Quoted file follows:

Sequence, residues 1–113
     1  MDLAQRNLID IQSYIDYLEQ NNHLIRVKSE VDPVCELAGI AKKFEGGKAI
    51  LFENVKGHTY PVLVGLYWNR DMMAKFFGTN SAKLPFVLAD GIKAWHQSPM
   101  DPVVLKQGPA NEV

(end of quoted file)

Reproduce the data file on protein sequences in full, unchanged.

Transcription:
Sequence, residues 1–113
     1  MDLAQRNLID IQSYIDYLEQ NNHLIRVKSE VDPVCELAGI AKKFEGGKAI
    51  LFENVKGHTY PVLVGLYWNR DMMAKFFGTN SAKLPFVLAD GIKAWHQSPM
   101  DPVVLKQGPA NEV